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An Exercise in Reading Gertrude Stein, or...

fabelhaft's picture

An Exercise in Reading Gertrude Stein




 How does Gertrude Stein, in her limitless capacity to confound the reader, imbue her texts with the philosophies of William James?

 Although this essay centers on a tiny excerpt from “Objects” from Tender Buttons, I believe that an attentive reader can extrapolate characteristics of William James that resonate throughout the entirety of Tender Buttons.


William James, in “Philosophical Conceptions,” explains, “Philosophers are after all like poets. They are pathfinders. What every one can feel, what every one can know in the bone and marrow of him, they sometimes can find words for and express” (346). Through his philosophies, James attempts to provide new context for abstract words such as belief, truth, and faith. Although his essays labor to create a more flexible background for these terms, the linguistic baggage is unavoidable. On a smaller scale, Gertrude Stein’s writing takes everyday words, sets them in new situations, and ascribes shifting meanings. Stein does not tackle large, grandiose terms, but prefers to force the reader to question everyday language.

 Stein also highlights James’s emphasis on individualism. “Objects” does not lead the reader to a predetermined conclusion; rather, the text opens doors that would have remained closed had the text formed grammatically correct and coherent sentences. As James states in the conclusion to “The Varieties of Religious Experience”:

 You now see why I have been so bent on rehabilitating the element of feeling… Individuality is founded in feeling; and the recesses of feeling, the darker, blinder strata of character, are the only places in the world in which we catch real fact in the making… Compared with this world of living individualized feelings, the world of generalized objects which the intellect contemplates is without solidarity or life (770).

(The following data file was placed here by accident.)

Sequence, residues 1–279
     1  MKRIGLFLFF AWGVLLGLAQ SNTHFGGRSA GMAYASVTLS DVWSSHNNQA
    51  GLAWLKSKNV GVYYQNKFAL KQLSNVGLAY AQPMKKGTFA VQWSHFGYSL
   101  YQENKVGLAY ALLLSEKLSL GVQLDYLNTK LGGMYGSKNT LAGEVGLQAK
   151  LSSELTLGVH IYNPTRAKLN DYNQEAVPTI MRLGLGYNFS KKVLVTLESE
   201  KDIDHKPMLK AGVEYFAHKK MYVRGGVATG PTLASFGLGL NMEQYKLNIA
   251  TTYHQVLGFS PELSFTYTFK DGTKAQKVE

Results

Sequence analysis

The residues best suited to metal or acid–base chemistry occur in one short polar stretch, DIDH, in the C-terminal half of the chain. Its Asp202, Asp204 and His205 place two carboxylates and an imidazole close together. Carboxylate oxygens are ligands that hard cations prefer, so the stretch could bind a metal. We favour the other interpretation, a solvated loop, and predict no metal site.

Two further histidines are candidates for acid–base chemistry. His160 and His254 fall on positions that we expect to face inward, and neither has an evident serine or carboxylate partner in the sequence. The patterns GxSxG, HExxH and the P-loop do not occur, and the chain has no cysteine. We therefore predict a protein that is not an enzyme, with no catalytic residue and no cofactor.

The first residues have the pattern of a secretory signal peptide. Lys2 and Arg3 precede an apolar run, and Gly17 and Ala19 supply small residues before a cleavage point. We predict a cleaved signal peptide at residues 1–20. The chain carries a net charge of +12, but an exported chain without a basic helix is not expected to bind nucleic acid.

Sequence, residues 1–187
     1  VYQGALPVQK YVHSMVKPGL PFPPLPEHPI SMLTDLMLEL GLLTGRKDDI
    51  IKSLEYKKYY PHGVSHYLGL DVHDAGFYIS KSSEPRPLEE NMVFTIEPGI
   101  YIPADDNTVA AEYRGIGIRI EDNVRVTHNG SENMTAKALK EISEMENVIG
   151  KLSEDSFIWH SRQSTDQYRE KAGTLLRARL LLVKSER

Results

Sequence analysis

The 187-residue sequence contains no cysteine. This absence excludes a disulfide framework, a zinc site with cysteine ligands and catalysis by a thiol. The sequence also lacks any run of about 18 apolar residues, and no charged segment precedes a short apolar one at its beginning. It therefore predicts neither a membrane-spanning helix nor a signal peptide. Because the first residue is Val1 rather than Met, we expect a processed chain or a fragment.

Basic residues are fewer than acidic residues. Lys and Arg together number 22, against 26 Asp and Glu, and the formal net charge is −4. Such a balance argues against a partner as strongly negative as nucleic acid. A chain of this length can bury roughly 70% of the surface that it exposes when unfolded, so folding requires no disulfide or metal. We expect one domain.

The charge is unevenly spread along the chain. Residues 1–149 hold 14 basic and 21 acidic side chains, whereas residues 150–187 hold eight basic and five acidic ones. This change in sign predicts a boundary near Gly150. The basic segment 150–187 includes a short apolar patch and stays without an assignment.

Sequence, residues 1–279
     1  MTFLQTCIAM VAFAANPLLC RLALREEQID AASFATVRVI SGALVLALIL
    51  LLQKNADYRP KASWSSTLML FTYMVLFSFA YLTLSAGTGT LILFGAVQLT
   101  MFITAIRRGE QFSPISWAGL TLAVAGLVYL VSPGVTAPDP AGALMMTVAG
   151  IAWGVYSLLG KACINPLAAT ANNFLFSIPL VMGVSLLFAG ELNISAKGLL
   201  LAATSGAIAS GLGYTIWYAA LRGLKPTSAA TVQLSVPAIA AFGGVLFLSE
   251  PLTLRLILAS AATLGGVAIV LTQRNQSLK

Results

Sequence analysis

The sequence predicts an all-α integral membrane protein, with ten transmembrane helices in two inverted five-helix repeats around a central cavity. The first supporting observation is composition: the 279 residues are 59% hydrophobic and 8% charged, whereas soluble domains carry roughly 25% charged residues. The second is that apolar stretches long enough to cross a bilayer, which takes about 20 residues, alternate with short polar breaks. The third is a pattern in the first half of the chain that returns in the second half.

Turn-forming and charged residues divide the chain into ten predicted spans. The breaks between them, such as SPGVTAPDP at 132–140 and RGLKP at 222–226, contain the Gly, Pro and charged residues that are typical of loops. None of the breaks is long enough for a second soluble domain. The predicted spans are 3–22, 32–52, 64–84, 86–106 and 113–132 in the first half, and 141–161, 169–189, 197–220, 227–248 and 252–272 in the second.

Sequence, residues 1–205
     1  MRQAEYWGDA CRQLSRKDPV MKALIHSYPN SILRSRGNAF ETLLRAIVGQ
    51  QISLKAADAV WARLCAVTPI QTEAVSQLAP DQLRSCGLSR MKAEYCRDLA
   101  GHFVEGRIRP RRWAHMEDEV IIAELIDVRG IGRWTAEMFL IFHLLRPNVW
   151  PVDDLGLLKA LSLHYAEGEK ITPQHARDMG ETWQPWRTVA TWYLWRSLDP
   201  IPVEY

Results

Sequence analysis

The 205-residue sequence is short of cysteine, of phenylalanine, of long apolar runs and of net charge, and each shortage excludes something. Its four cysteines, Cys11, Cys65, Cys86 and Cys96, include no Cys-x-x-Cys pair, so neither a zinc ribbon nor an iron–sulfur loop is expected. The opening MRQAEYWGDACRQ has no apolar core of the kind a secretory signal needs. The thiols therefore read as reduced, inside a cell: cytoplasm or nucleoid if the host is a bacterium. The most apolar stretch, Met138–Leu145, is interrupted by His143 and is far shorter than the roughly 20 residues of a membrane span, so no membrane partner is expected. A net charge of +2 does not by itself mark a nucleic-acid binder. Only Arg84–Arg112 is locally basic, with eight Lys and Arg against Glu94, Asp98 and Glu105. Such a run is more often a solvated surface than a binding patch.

James insists that no idea or object has an end, there is always another layer of relationships waiting to be discovered.


Stein urges the reader to go with one’s gut instinct, one’s feelings as a response to her mishmash of words. If she were aiming for logic, she would have used more punctuation than the rare comma and constant period.

 Engaging directly with Stein’s texts, here are a few methods of reading “NOTHING ELEGANT”: individual words vs. an overarching theme



A charm a single charm is doubtful. If the red is rose and there is a gate surrounding it, if inside is let in and there places change then certainly something is upright. It is earnest.
















(If you would like to look at those images in one screen, I have attached the original document. I couldn't make the image size-large enough to read comfortably if the image was in one piece.)


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A charm a single charm is doubtful. If the red is rose and there is a gate surrounding it, if inside is let in and there places change then certainly something is upright. It is earnest.


Yeah, Gertie, I hear you. You string words together like so many mismatched beads, but you know exactly what you are doing, don’t you? Why don’t you share with the class?